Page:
Full of fun
8. While they are playing some of the best baseball in MLB, the Chicago Cubs may now also be the best dressed team in the league. For the team’s last road trip, held in Pittsburgh against the Pirates, Cubs manager Joe Maddon mandated that his players “wear a minimalist zany suit” for the duration of the away stretch. With that, online retailer OppoSuits is using the Cubs to spark some serious business, according the the Chicago Tribune. A team spokesperson said that almost all of the players went to OppoSuits with the hope of finding a “zany” design. Players have been seen wearing everything from camouflage to plaid to patriotic Stars-and-Stripes; even Maddon got in on the fun when he put on a “crisp blue suit and matching tie covered in tulips.” OppoSuits, hoping to capitalize from the Cubs’ recent interest in their clothing, is now projected to make over $10 million in sales this year.
Problems for C-USA
9. Despite Conference USA’s planned boost for its football and basketball TV profile for 2016-2017, TV money is not expected to increase, according to the Norfolk Virginia-Pilot. Commissioner Judy MacLeod acknowledged that a lack of TV money is not the only problem faced by her conference, but one that other mid-major leagues are trouble-shooting as well. C-USA seems likely to earn around $6 million annually through TV deals, but that number pales in comparison to the Power 5 conferences. Said MacLeod, “Right now, the television market is horrible…We have young people who work in our office who don’t have cable or DirecTV. The pool of money that’s there is going to the big guys. The Big Ten and the SEC are must-see TV.” Despite a lack of TV-related money, the commissioner did note that the conference would try to make up the revenue in other places – most likely in marketing and broadcast agreements.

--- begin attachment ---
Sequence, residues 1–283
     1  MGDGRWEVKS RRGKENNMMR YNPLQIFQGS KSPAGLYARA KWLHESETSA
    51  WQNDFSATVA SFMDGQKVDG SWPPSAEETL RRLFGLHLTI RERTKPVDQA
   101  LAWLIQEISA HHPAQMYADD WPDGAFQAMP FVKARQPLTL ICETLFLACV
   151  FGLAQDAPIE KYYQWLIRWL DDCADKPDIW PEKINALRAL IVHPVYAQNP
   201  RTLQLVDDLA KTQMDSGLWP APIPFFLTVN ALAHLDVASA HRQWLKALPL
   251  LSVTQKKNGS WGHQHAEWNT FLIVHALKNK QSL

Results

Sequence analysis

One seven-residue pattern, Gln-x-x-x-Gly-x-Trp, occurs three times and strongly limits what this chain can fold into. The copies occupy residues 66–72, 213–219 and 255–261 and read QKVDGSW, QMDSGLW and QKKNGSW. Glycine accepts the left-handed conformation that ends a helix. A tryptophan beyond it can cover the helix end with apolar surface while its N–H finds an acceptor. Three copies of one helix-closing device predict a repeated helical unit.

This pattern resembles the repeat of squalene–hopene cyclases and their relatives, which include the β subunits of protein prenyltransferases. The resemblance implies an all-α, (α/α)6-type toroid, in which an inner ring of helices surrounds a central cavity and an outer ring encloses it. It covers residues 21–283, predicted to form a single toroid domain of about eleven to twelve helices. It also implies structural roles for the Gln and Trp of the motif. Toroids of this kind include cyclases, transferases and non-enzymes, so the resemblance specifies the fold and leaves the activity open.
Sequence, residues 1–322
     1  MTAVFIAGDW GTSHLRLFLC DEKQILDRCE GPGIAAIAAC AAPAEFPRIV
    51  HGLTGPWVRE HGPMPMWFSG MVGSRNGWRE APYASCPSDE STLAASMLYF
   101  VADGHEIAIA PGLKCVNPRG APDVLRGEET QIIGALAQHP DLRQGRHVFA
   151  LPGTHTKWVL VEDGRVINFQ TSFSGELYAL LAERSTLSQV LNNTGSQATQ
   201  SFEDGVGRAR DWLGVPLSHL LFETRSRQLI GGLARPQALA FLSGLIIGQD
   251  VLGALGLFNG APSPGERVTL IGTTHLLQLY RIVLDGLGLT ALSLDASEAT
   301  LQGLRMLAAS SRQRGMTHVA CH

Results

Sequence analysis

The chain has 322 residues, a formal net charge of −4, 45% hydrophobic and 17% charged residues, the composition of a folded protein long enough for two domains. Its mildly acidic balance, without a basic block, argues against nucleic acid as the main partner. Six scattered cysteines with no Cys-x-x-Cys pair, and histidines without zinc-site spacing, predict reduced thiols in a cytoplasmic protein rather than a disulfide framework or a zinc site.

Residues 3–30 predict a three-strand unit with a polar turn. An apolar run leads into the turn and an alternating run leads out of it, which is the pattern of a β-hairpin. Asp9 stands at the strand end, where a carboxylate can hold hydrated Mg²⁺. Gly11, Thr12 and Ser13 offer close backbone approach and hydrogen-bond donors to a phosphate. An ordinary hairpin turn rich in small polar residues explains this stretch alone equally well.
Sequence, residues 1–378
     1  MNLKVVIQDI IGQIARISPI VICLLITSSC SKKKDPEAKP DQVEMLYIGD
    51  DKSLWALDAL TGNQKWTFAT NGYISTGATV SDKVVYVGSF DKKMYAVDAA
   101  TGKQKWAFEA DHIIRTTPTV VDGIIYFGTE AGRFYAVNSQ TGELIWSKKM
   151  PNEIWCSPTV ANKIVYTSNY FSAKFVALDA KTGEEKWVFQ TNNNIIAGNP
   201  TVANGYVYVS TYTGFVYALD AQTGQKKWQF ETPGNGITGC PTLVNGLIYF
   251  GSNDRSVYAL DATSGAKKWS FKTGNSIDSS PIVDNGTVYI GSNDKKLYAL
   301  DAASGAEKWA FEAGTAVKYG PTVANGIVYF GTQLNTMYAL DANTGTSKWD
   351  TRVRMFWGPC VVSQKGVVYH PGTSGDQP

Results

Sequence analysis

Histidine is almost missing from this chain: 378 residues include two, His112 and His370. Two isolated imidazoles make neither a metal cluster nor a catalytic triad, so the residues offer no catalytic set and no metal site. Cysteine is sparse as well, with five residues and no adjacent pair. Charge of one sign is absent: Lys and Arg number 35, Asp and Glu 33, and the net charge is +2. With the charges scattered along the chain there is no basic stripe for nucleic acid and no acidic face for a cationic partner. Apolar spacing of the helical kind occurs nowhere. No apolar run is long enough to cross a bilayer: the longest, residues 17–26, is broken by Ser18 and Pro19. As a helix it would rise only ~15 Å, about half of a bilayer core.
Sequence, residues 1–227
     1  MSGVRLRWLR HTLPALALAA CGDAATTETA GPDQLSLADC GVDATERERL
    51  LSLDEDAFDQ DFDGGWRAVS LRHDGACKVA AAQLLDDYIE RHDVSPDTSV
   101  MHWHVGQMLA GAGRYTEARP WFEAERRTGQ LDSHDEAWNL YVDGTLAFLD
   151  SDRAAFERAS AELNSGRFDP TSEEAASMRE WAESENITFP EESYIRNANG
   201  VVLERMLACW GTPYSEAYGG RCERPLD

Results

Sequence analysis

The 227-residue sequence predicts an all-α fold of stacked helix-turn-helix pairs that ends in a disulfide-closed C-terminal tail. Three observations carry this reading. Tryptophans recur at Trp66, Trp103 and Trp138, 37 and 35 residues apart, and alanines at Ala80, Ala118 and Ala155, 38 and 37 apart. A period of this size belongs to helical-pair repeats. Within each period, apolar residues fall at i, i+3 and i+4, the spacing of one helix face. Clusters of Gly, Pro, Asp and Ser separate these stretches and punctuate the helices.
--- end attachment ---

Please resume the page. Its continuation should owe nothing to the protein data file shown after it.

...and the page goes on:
Changing the focus
10. After a nine month strategic review, Adidas is now talking to potential buyers for the bulk of its golf unit, according to Bloomberg News. After operating for nearly 20 years, profitability for Adidas golf has suffered enough as of late to push the Germany-based company toward trying to sell 60% of its golf business; a buyer will be sought for TaylorMade, Adams golf clubs, and Ashworth polos and cardigans. Adidas-branded golf shoes and clothing will constitute the 40% not sold. The TaylorMade-adidas Golf business posted sales of about $1.5 billion in 2012, but "they have steadily declined in recent years." It posted sales of $1.04 billion last year. Tour pros Justin Rose, Jason Day, and Sergio Garcia all carry TaylorMade clubs; while Adidas North America president Mark King called TaylorMade a “great brand,” he noted that the decision to sell it stems from the company’s desire to “focus more on the momentum that we have,” instead of continually trying to recover golf division deficits.
49ers, Santa Clara at odds
11. After an ongoing dispute with the city of Santa Clara over rent payments at Levi’s Stadium, the San Francisco 49ers have filed for arbitration, according to the S.F. Chronicle. The 49ers want to lower their annual rent from $24.5 million down to $20.5 million, citing substantially greater revenue than originally anticipated to validate their argument. But Santa Clara officials intend on keeping it at $24.5 million annually. 49ers President Al Guido said that the 40-year lease "includes a 'rent reset,' which means the terms can be changed based on operating costs, revenue and outstanding debt." Guido also noted that the team believes that $19 million would have been fair, but “in an attempt to accommodate city leaders” they tacked on an additional $1.5 million. The venue cost the city of Santa Clara less than $136 million to build. Now, the city is reaping benefits way beyond anything expected, especially with Super Bowl 50 held there this year.